1. 3
    Start the built-in PHP web server
    2m 36s

Start the built-in PHP web server

Mark Shust
InstructorMark Shust
Share this video with your friends

Social Share Links

Send Tweet
Published 2 years ago
Updated 2 years ago

Usually when you are building a website, you’ll have a web server such as Nginx or Apache that sits in front of the PHP service. But in this lesson, we’ll use a much simpler method: use the built-in PHP web server!

Instructor: [0:00] Usually when you are building a website, you'll have a web server, such as Nginx or Apache, that sits in front of the PHP service. Then some configuration needs to be added so that web server can properly serve web requests who handle PHP files.

[0:16] You'll definitely want to set up this external server/PHP combo on production sites, but right now we just need to learn PHP.

[0:25] We'll use a much simpler method, use the built-in PHP web server. You'll want to first open up terminal.

[0:32] You can do this right on your host with the terminal app, or if you are using PhpStorm, you can go to View, Tool Windows, Terminal. We can see that this works the same way as the normal terminal app.

[0:48] Let's call the PHP binary again, but this time passing in the --help argument. This gives us the available arguments we can pass to this PHP script.

[1:00] One of those being the -S command, which runs the built-in PHP web server. This argument expects an address port combo to be passed in after the -s flag.

[1:17] Let's go ahead and call PHP -S, and the address here will always be localhost since we are running it on our own machine, followed by a colon, followed by any available port.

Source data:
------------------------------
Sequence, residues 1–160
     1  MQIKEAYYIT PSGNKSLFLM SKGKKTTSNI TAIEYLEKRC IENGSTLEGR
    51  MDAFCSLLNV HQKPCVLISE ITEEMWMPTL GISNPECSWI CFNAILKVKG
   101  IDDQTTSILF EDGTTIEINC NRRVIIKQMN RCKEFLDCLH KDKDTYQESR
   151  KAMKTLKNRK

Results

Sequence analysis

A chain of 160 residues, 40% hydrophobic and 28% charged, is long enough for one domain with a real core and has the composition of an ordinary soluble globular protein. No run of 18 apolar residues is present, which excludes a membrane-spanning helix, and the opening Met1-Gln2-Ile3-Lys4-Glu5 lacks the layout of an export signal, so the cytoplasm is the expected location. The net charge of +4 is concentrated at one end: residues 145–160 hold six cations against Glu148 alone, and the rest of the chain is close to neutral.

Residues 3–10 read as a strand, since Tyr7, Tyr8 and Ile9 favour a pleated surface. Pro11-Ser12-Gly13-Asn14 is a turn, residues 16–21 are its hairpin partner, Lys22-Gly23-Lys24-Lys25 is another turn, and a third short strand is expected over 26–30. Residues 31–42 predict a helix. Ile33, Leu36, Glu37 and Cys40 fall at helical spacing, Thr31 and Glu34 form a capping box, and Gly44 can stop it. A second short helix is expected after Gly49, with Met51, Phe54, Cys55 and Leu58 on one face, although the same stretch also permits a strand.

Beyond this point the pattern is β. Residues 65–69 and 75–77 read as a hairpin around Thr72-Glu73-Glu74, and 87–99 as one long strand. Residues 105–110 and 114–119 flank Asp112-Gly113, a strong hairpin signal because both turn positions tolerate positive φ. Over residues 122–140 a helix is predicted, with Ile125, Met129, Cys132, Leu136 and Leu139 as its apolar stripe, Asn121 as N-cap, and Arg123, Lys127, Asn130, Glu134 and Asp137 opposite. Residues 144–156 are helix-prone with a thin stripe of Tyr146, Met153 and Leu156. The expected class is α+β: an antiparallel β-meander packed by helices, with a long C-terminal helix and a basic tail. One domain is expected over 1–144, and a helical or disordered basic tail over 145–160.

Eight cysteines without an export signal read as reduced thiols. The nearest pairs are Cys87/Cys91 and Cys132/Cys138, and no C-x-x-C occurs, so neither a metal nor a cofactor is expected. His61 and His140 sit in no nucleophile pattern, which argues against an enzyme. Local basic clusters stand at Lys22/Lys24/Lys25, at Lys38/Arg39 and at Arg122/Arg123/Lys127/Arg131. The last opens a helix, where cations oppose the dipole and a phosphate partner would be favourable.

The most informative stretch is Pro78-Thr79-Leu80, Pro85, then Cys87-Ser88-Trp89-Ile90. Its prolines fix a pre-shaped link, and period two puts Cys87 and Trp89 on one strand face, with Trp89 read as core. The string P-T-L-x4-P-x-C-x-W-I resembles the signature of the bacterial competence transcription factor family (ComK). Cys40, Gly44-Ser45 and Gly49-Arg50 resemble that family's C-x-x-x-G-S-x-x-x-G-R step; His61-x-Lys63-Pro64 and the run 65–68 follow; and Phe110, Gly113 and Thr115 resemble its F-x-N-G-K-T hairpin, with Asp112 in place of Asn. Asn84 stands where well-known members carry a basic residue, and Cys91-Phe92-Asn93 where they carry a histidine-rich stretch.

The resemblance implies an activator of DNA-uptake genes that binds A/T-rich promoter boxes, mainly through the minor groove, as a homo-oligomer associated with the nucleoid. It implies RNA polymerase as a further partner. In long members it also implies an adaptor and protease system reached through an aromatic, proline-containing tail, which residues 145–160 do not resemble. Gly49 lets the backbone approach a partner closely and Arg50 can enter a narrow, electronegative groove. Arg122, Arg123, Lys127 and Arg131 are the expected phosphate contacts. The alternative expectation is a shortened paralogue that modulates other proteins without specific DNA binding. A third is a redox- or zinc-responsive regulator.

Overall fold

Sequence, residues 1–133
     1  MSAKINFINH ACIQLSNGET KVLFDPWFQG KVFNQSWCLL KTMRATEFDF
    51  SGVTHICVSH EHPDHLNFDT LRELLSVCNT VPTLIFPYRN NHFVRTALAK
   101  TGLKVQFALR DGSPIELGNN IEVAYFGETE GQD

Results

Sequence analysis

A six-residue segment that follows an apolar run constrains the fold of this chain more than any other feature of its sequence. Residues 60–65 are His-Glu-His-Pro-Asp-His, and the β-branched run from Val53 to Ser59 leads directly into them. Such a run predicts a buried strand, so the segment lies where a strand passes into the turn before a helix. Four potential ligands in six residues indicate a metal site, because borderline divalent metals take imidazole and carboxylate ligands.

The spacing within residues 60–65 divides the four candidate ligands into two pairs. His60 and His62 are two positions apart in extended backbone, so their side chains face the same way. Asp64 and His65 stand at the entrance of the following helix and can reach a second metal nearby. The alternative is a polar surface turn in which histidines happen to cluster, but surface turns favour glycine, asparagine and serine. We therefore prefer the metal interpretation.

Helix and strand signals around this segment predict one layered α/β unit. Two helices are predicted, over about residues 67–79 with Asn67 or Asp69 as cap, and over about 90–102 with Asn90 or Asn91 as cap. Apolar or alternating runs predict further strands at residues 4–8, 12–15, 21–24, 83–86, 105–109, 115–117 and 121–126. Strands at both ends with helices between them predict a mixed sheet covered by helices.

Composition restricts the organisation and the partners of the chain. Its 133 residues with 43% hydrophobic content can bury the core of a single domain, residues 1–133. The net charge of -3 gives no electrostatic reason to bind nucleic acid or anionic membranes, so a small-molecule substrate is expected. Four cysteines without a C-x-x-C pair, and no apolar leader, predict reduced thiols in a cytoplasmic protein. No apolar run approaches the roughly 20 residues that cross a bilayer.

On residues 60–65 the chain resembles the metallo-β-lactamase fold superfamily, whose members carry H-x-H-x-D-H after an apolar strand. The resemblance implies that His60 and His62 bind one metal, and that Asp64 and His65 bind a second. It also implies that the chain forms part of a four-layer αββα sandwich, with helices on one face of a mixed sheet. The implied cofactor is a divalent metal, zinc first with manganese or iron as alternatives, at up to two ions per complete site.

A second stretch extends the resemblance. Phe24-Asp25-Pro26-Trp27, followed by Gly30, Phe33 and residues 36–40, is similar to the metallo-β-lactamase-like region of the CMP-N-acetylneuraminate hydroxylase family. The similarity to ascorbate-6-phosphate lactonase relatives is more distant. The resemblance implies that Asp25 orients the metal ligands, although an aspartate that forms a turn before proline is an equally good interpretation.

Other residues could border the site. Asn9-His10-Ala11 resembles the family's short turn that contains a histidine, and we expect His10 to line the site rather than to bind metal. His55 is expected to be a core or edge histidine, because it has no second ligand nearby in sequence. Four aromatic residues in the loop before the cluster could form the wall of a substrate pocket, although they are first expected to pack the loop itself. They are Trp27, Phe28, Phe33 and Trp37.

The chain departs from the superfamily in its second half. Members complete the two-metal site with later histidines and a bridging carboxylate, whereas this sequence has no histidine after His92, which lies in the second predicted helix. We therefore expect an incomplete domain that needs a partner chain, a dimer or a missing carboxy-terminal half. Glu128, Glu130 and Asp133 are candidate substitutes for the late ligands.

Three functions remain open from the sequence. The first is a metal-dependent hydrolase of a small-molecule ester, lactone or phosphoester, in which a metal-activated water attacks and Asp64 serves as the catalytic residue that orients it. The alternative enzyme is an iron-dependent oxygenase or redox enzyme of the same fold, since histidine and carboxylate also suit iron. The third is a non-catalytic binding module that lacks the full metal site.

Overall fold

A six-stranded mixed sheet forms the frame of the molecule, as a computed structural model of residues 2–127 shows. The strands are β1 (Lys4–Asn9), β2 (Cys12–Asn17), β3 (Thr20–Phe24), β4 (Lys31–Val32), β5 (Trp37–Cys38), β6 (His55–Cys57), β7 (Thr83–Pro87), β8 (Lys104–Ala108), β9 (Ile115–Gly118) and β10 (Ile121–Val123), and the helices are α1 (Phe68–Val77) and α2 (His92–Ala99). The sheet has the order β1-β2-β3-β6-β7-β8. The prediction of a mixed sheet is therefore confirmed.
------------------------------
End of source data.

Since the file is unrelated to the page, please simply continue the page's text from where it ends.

[1:32] Note that you cannot use any port lower than 1024, as those are considered privileged ports that require higher security privileges. It's common to use port 8000 for this built-in web server.

[1:47] The default port for web servers is 80. Just adding a couple zeros at the end, makes this easy to remember.

[1:55] Now that we have our web server started, we can visit this localhost 8000 address in our web browser, and we'll see a not found page. Don't worry, this is actually great.

[2:08] This purple background at the top, lets us know that the builds in PHP server is serving up this request.

[2:16] If we check out our terminal again, we will see that there is some output to the console here, showing the web server accepting the request, serving it up, and then closing out this web request.

[2:28] Now that you have your editor set up and a web server running, it's time to start writing some PHP.

~ 2 hours ago

Member comments are a way for members to communicate, interact, and ask questions about a lesson.

The instructor or someone from the community might respond to your question Here are a few basic guidelines to commenting on egghead.io

Be on-Topic

Comments are for discussing a lesson. If you're having a general issue with the website functionality, please contact us at support@egghead.io.

Avoid meta-discussion

  • This was great!
  • This was horrible!
  • I didn't like this because it didn't match my skill level.
  • +1 It will likely be deleted as spam.

Code Problems?

Should be accompanied by code! Codesandbox or Stackblitz provide a way to share code and discuss it in context

Details and Context

Vague question? Vague answer. Any details and context you can provide will lure more interesting answers!

Markdown supported.
Become a member to join the discussionEnroll Today